Subscribe to GameFromScratch on YouTube Support GameFromScratch on Patreon
18. July 2018


When I started GameFromScratch, by far and away the most common question I got was “what programming language should I use?”.  It’s amazing how much the world has changed in the last decade!  These days game engines are by far more important than programming language to the majority of developers, and one game engine has risen to the forefront of most peoples consciousness…  Unity.

I consistently cover a wide variety of game engines, here, on DevGa.me and on YouTube and one comment comes up far more often than any other...  “Why Not Just Use Unity?”.  Why would I use this game engine instead of Unity.  So I decided to take some time and answer exactly this question.  The short hand text version is available here as well as covered in a great deal more detail in this video.

GameDev News Programming


18. July 2018


The Defold Game Engine just released version 1.2.133.  The 1.2.133 release contains new features including the ability to live update aspects of your game, making it possible to push game updates out for published games without having to resubmit to the App Store.  This release also added hot reload support of collections, enabling you to make changes on the fly while running on devices.  If you are interested in learning more about the Defold Engine, be sure to check out our complete tutorial series available here.


Details from the release announcement:

Engine

  • DEF-3323 - Added: Collection hot reload support.
  • DEF-2411 - Added: Liveupdate store and verify manifest.
  • DEF-3375 - Fixed: Fixed crash when calculating particle instance emitter count
  • DEF-3330 - Fixed: sys.get_save_path now uses the platform path characters.
  • DEF-3359 - Fixed: Optimized engine size a bit by adding “-fno-rtti”.
  • DEF-3283 - Fixed: Try to resume WebAudio on mouse/touch interaction (and also handle a null DefoldSoundDevice)
  • DEF-3352 - Fixed: Native Extensions: Added support for Objective-C flags -f[no-]objc-arc and -f[no-]objc-arc-exceptions.

Work in progress

We’ve started with the new feature of caching the uploaded files/libraries to the extension build server.
This should improve turnaround times a lot as well as saving bandwidth for certain users.

We are also currently upgrading our Facebook SDK to the latest version.

GameDev News


17. July 2018


Are you looking for an open source cross platform HTML5 powered game engine, that’s open source, free and comes with a complete editor in addition to the underlying framework?  Perhaps the Wade Game Engine by Clockwork Chilli is what you are looking for.  While open source, WADE is shipped under a custom license you should take note of.  The TL;DR version of the license:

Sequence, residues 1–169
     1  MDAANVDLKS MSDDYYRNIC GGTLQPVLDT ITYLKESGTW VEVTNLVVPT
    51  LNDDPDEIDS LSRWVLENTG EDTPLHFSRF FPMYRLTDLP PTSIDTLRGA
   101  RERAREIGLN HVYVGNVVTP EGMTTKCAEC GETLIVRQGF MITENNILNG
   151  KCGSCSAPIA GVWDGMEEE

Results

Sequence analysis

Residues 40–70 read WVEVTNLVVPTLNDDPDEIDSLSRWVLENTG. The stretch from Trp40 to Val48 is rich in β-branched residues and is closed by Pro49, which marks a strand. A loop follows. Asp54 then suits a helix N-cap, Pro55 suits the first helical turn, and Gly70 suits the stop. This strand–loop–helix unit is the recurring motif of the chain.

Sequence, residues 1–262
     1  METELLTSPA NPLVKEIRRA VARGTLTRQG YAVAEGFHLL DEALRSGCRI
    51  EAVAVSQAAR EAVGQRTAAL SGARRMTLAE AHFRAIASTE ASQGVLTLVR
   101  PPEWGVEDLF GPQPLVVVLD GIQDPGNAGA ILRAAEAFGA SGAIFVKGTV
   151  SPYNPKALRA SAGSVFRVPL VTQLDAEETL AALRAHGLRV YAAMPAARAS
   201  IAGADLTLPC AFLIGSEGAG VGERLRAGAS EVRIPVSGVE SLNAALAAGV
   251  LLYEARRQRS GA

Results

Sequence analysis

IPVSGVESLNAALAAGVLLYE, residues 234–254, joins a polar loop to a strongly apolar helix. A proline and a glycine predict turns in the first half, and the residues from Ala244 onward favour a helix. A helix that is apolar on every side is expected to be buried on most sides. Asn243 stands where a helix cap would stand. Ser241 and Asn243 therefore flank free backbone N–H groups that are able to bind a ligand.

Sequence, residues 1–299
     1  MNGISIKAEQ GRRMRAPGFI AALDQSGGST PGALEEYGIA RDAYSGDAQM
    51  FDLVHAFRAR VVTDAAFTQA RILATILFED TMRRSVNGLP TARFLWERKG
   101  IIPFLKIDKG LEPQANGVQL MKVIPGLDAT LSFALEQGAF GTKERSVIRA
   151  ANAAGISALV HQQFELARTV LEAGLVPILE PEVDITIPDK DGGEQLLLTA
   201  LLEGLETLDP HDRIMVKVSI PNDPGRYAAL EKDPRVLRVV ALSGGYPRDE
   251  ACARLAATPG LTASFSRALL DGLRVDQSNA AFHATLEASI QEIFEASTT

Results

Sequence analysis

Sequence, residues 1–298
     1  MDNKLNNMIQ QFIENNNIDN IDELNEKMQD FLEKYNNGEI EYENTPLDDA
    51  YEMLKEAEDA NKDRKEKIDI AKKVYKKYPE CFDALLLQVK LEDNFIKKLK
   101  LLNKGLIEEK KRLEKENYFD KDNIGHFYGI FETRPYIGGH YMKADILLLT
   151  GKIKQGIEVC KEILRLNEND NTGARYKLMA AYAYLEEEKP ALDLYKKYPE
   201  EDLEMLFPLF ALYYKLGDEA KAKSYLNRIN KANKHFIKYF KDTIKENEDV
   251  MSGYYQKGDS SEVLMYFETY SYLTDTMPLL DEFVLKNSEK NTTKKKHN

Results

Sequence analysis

This license allows you to make games and non-games, for any purpose including selling and licensing, without paying anything to Clockwork Chilli. However you must not:

  • Distribute non-compiled (or non-minified) versions of Clockwork Chilli's source code.
  • Create a product that competes with WADE.

You can run WADE directly in the Chrome browser or can download a local installed version for Linux, Mac and Windows platforms.  If you want to learn more, be sure to check out the WADE game engine in action in this video or embedded below.

GameDev News


15. July 2018


In Godot 2, there was a visual editor for creating shaders, Visual Shader Editor.  It was removed in Godot 3 because low level shader code changes basically broke it.  Now it’s been fixed and Visual Shaders are now back in the current development branch.  In addition to actually running again, there are also some changes between the 2.x and 3.x versions, as announced on the Godot website:

  • New full PBR output nodes
  • No more Vec3 <-> Scalar adapter nodes, conversion is automatic
  • Easier input nodes for more organized graph.
  • Extending it via scripting (creating custom nodes) is possible.
  • Port previews (see blow)

You can see the newly re-enabled visual shader in the following video:

GameDev News


13. July 2018

 

To pieces of news in one post!  First off, today CopperCube 6 was just released.  Second, it is now also available for free!  If you are interested in learning more about this 3D game engine aimed at creating games with little to no programming, be sure to check out our CopperCube 5 hands-on video available here.

Of course, there has to be a catch… how are they going to make money to support continued development?  Well, there are upgraded versions available:

image

So basically the Free tier lacks post processing effects, video playback and a command line interface while requiring a splash screen.  The Studio version is the same as the pro version, except comes with the game client source code.

 

As to what is actually new in CopperCube 6, here is the feature list from the forum announcement:

- Post-Processing Effects
- Full FBX import with Animation
- New lighting system
- Unified colors and lighting
- DDS support
- WebGL 2 support
- Loading screen image
- Multi Selection
- WebGL automatic pointer lock
- Freeze Scale command
- Better Wireframe mode
- Automatic DirectX installer
- Scene Metrics tool
- Nicer User Interface
- More terrain generation options
- Lots of performance improvements
- Updated Lightmapper
- Improved OpenGL renderer
- Improved WebGL font rendering
- Automatic clip prevention for FPS camera children
- Preview of new D3D 11 renderer (alpha, not public yet)
- and many more smaller new features

Full change log available here.  CopperCube is already available for download on Steam, weighing in at just under 100mb.  CopperCube is available on MacOS and Windows, sorry Linux users.

GameDev News


GFS On YouTube

See More Tutorials on DevGa.me!

Month List